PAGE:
Organizations struggle to find skilled staff, leaving 82% of security teams understaffed
83% of security professionals feel more overworked going into 2020 than they were at the beginning of 2019 and 82% said their teams were understaffed, according to Tripwire-Dimensional Research report, titled Cybersecurity Skills Gap 2020. The strain on cybersecurity teams is exacerbated by the inability to find experienced staff, and 85% acknowledged it has become more difficult over the past few years to hire skilled security professionals.
The report examined how organizations are experiencing skills gap issues going into 2020. Dimensional Research conducted the survey, which included responses from 342 IT security professionals, in late December.
“It’s getting harder and harder for organizations to fill open positions on their security teams,” said Tim Erlin, vice president of product management and strategy at Tripwire. “Larger organizations, which you might assume have more resources, are experiencing the skills gap issue even more acutely than smaller organizations. It’s a challenge to hire the right skill sets – they keep changing along with security, which is always evolving. Nearly all of those we surveyed said the skills required to be a great security professional have changed over the past few years.”
In recent years, cybersecurity conferences and online communities have been emphasizing the need to manage work stress and increase focus on mental health. While 93% expressed interest in understanding wellness issues, only 19% of companies provide resources for managing the stress associated with the specific issues of IT security.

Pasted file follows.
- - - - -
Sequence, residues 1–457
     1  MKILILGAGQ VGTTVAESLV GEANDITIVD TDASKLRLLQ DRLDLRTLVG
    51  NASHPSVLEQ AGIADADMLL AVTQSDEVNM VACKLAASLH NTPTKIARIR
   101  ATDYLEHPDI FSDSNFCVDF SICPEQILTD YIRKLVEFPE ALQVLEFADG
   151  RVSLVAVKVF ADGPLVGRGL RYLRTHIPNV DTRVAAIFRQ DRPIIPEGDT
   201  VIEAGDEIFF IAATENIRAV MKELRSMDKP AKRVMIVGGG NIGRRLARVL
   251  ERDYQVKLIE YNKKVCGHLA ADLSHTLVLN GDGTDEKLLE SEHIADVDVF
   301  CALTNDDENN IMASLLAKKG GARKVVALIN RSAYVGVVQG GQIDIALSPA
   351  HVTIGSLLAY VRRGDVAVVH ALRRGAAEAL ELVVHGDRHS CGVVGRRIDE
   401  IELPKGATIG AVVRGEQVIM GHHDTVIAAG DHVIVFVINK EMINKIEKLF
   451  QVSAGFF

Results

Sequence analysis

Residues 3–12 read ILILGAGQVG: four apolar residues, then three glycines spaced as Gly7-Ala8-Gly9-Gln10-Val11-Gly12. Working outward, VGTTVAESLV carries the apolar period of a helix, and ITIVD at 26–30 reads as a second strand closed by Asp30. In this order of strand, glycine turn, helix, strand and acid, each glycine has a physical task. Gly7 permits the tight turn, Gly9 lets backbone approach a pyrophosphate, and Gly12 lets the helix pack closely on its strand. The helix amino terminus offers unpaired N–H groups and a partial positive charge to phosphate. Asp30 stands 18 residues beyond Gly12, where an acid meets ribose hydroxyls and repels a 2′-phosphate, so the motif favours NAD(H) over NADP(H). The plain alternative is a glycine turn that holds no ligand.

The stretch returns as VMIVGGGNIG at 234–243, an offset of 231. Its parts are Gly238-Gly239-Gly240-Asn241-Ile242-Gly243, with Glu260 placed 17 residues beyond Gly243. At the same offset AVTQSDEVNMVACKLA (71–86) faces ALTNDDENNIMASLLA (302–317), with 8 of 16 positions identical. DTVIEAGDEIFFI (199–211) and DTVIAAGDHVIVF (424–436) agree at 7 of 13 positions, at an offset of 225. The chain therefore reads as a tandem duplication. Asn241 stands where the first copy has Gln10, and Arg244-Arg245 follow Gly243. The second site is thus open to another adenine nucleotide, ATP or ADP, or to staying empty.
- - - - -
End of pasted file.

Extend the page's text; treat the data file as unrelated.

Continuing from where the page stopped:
Role of CISOs
The survey also explored views on chief information security officer (CISO) involvement. Of the 85% that said they have CISOs in their organizations, 40% said their CISOs are not involved enough in day-to-day operations, while 10% believed their CISOs are already too involved.
Erlin added: “CISOs should be focusing on high-level strategy, but because their teams are understaffed and have an overwhelming volume of work on their desks, they may have to get involved in daily operations, if they haven’t already.”
Overcoming the Skills Gap Issue
The survey results showed that these teams will be looking for some outside help to address the skills gap and strain on their teams. A large majority (85%) said managed services are a good option for addressing the security skills gap, and almost half (46%) are planning to use more managed services in 2020. In fact, 60% said they’ve already invested in managed services, and 85% said that they plan to invest in these services in the future.
As another option, 85% agreed that security teams will need to hire more people without existing security expertise, with 15% indicating that they would be doing exactly that in 2020. Half (50%) said they would be investing heavily in training their existing staff.
Erlin added: “To solve the problems caused by skills gap issues, training and managed services are both good approaches. By partnering with providers, organizations can free themselves from operational work and gain insights that will help inform decisions. And because recruiting and training isn’t always possible, managed services provide businesses a way to augment their teams.”